First the dog and I ran east up the road to where I had seen a man parked on the side of the woods taking a phone call. He was gone. I tried yelling for help into the sugar bush but the trees remained ever passive. Next we ran west. I passed six homes over a mile before I found humans at home. The mile was uphill and my legs had an extra 10 pounds of winter over them. It took me so long that I got distracted with how much I hate running hills. I kept taking breaks to curse the incline and slow my heart and then I would remember the goats and heave my wet self forward.

The neighbors I found were capable and recognized the urgency of drowning goats. Perhaps they were unsettled by my muddied and frantic appearance but they were kind enough to come. 

By the time we arrived one goat was floating dead and the other three were washed in a sickening silence, still swimming but somehow slower. The man had a Vermonter’s sense of how to proceed. He walked to the far side of the pond and waded in. Breaking the ice before him, he dragged each of the goats out. Something, of course, I should have had the presence of mind to do 20 minutes earlier. He saved the remaining three and even went in to the furthest -the dead, fourth- to give it and the day the decency of removal. 

We carried their sodden bodies up to the homestead and lay them in the sun, toweling them off as best as we were able. They couldn’t stand, much less walk. They were tiny Nigerian Dwarf goats, ones that could sit in your lap if you were willing. I and the woman held them against our bodies, trying to steady their shaking.

There was an awkwardness to the conclusion. We had stopped the drowning but the goat’s humans were not yet back. A mother-in-law -hearing the commotion- had stopped by and was in the house making the necessary calls to the necessary humans.   

We wet three were most certain the goats would be dead from exhaustion or hypothermia within the day. There is a unsentimentality in rural life regarding animals that I am still fumbling with. The Kate I was before Vermont would have called the vet, no matter that they were not my animals. But here the austerity of life forces practicality. I followed the lead of the pair of seasoned Vermonters;  these goats will likely die, we reasoned, the most we could do was give them a dry, safe space to do so. No sense in spending anybody’s money on a vet who would tell us the same. We locked the three in an empty and warm duck house and went our separate ways.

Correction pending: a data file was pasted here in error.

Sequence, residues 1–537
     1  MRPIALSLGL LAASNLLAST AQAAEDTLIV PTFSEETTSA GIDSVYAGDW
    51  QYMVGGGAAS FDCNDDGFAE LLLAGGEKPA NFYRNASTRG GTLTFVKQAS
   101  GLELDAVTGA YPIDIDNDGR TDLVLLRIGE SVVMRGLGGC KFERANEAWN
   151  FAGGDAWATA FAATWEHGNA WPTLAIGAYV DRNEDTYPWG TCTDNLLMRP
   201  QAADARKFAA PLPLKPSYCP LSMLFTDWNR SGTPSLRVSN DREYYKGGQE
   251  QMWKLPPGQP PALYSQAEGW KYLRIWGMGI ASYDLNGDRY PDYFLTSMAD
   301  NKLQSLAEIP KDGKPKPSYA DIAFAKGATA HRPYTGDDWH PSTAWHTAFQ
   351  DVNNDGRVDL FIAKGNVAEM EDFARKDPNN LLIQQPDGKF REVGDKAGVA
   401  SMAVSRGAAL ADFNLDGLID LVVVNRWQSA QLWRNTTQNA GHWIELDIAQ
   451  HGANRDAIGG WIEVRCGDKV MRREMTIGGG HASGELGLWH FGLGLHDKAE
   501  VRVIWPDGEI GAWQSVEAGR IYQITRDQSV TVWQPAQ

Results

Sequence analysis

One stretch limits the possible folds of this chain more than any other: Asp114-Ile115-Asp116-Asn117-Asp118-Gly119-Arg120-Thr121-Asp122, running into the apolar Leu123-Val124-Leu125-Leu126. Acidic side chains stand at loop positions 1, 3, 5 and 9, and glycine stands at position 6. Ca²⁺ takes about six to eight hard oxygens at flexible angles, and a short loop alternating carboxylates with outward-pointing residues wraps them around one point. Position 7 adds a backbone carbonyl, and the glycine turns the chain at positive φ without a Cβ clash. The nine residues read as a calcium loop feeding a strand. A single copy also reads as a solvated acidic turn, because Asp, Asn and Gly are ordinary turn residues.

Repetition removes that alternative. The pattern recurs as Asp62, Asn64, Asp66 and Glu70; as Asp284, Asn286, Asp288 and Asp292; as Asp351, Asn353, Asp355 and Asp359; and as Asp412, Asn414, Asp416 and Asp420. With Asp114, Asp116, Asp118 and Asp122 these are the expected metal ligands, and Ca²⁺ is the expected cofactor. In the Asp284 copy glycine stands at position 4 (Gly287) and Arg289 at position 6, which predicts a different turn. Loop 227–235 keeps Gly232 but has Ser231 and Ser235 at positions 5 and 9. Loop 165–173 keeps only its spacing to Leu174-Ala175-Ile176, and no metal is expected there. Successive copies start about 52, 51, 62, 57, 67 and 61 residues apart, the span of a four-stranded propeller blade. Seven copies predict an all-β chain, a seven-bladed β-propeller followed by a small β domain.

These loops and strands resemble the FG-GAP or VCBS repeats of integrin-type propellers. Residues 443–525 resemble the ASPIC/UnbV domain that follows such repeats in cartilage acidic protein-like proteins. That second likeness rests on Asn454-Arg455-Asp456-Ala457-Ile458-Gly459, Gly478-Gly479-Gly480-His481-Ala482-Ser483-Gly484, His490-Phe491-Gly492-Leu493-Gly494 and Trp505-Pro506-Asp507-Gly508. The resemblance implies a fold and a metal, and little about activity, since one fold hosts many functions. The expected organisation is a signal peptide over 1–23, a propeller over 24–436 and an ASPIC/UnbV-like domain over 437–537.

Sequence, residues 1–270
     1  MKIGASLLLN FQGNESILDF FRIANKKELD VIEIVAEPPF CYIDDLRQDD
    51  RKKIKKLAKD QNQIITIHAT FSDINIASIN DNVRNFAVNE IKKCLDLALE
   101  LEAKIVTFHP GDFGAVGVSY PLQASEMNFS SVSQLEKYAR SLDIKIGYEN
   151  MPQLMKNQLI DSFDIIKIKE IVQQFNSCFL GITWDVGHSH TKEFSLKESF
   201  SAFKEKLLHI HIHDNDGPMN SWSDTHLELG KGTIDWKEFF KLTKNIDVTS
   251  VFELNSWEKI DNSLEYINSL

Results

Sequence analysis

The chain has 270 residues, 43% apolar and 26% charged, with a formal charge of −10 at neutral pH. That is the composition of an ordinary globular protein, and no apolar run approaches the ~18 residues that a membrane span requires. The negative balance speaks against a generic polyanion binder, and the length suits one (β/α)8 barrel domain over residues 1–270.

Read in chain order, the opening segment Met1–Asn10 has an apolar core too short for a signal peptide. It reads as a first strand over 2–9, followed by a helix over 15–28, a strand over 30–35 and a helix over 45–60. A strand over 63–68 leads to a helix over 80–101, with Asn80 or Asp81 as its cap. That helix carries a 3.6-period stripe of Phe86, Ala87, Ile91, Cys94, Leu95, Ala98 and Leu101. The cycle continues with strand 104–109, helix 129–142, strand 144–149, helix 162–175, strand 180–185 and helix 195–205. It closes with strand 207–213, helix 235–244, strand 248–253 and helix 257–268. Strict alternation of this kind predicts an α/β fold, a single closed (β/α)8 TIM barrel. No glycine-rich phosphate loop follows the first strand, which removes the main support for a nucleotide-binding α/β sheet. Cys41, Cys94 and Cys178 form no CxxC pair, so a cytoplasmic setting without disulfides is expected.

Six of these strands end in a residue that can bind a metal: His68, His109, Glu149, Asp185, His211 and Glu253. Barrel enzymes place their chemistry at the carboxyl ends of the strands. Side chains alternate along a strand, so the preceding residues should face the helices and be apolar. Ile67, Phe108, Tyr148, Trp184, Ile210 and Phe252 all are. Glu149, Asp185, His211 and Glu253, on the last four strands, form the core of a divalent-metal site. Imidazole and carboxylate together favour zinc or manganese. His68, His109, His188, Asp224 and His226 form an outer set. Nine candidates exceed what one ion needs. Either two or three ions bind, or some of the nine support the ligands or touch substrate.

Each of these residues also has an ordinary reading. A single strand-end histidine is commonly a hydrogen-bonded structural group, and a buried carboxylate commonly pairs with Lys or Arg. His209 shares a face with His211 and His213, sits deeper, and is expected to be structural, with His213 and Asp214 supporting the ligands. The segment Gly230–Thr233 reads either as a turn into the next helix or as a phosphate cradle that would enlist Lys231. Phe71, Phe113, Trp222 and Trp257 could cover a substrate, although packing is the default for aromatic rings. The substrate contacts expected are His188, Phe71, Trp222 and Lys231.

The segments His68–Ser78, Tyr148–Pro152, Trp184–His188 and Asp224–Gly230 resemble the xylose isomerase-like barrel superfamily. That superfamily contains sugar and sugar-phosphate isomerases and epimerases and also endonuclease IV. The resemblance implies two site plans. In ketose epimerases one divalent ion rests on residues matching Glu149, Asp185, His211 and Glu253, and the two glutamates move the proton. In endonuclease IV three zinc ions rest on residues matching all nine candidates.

I was shaking. Cold, certainly, but also from the adrenaline of the situation and the shame of having not acted with intelligence when I first found them. I could have gotten myself into a whole lot more trouble and was lucky I fell in where I did and that I wasn’t wearing heavy boots or heavy clothes when I did. My uncertainty and panic cost the life of the little black goat. 

Later that night, I got an email from my female accomplice. She had a visit from the goat’s human, thanking her, naturally, for the work she and her husband did. She was happy to tell me the goats were recovering, the owner had carried them to the wood stove when she got home and the dry heat appeared to be the needed remedy.

I've run passed the homestead several times since as it is a loop to which I am devoted. There is no further sign of the goats. 


A land where beasts rule humans.

The dogs and I took Amelia for a walk this afternoon. The boys are still away, reluctantly returning this evening after a weekend playing with old friends in New York. I wanted to go too. I can presume the fat and bored babe on my chest would have been up for it. Farm doesn’t allow for both Nick and I to leave at once. Farm is a needy, greedy beast. Too many lives dependent on us. Too many nuances to responsibly ascribe to a sitter. 

It is a conclusion I’m coming to belatedly: farmer’s don’t vacation. I have a vague recollection of concerned friends warning me of this. Farmers are poor on disposable money and rich on work to do. I come to farming from the suburban and spoiled life of somebody accustomed to the Getaway. We’ve squeaked out trips away in the first four years. Nothing too egregious; a drive down to North Carolina; Christmas with my parents on the Vineyard; a wintery week on Cape Cod; a handful of summer days with our families.

When we both leave inevitably something goes Wrong; animals develop debilitating case of maggots-in-the-ears, the tractor smokes and sputtesr, a waterline freezes, the dogs kill a lamb. This is not for want of capable farmsitters. To the contrary the help we’ve hired is, historically, overqualified, capable, well-read, respectful and kind.  Rather, the inevitable happens whether we are here or not.  Our Systems are overly nuanced making it rather painstaking to describe solutions over the phone and unfair to the good kind soul who volunteered for a weekend of light farmwork.